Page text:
I just wanted to check what would be if I could write my articles nicely in Google Docs and publish them directly to my blog (wordpress) so here is my first attempt to do this.
I will include some formatted text and also some other things like pictures:
First of all a wizard hat:
And what I wand to test with this? Well I’ve been thinking a lot lately how could I share the things I learned across these few years of developing in Java, with those interested.
I mean I’ve done some things that maybe might be useful for others, or maybe could give them ideas to create something special…in short I just want to share my findings during these few years…but because I am a lazy developer I hate (still hate) using the Blog editors to compose and write my stuff, plus It would be nice to be able to work on these short articles wherever I have time (even offline) so this made me think:”Would it be possible to write these articles in Google Docs and than post them as blog posts on the Blog engine”…and after a short Goggling I came across the following article (http://bavatuesdays.com/publishing-google-docs-to-your-blog/) published in 2008 which gave me hope ;), but after reading the comments it seems like this will not. And indeed it is not working as Google Docs does not have the Publish to Blog feature anymore.
Another option was an interesting plugin which was designed to follow a folder in your Google Drive and move documents from this to another specified folder, while transforming them to posts. The plugin is called Doc to WordPress and has a details description here but I was not convinced to enter my Google credentials to such a plugin and having it move files around on my Drive is not an option for me, sorry guys I am too paranoid plus this did not have any support for images, only text.
Just when I was about to give up, I tried one last thing: Download and import
…which did work (as you see)
Download the article as Microsoft Word (.docx)
Using the Post Office plugin create a post using a simple interface:
and there you go…
Well I think it will work fine for me …
If you see this post you can compare it with the original Doc:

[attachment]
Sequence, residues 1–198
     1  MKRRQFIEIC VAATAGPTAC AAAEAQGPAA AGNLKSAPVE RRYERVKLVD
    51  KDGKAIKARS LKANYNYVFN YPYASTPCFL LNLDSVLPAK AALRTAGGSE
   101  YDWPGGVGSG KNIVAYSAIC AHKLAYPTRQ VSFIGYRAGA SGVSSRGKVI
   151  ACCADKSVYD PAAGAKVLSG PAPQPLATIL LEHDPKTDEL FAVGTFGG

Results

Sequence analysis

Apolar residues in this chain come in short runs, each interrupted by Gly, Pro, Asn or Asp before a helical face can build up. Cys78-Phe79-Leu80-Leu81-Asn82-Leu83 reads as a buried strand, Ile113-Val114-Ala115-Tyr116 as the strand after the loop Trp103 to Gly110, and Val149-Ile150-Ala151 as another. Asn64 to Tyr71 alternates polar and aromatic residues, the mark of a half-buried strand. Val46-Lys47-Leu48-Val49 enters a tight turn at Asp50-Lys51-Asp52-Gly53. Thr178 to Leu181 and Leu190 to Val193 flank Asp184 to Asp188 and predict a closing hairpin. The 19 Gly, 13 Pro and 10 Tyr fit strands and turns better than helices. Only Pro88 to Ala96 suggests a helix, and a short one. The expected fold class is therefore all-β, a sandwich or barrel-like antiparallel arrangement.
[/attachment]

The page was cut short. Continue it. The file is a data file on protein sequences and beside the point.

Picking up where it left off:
With all this set, I can start writing.
Until next time, happy coding.
An interesting article about testing and things testing cannot ensure…
Hi I just created my first Google+ page…check it out
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Long time has passed since my last post. I’we been busy with my day work and the rest of my time was spent with my family.
Of course I am still up to date with the happenings but I was too lazy to repost stuff you can laready find by yourself on the net. Today I saw a nice Google post so I taught that it is worth to share it with you, you might be interested. So here it is: http://googleblog.blogspot.com/2011/09/gmail-its-cooler-in-cloud.html
Here is nice article I have found about a hidden treasure of the JVM:
I was just reading some article related to Eclipse and OSGi plugin and bundle concepts, and found a nice tip of optimizing the Eclipse boot time and also spare some used memory too.
In the Eclipse runtime there a extension point defined specially to handle the early activation of some code/bundle. This extension point is called org.eclipse.ui.startup and causes preinitialization of all the implementors (extenstions) right before the Eclipse UI is started. There are several plugins which do implement this extension point and hereby are always starting up even if You don’t use them.
It seams that there is a simple way of managing these extension to be started or not at boot time:
If you open the Window>Preferences… and go to General/Startup and Shutdown, there is a list of the plugins activated at startup, which can be checked or uchecked if needed. This is a really cool feature. 😉
I have deactivated some of the plugins from there which I don’t use on daily basis and it seams like my Eclipse is starting up a bit faster. (Or it just seams like ;-))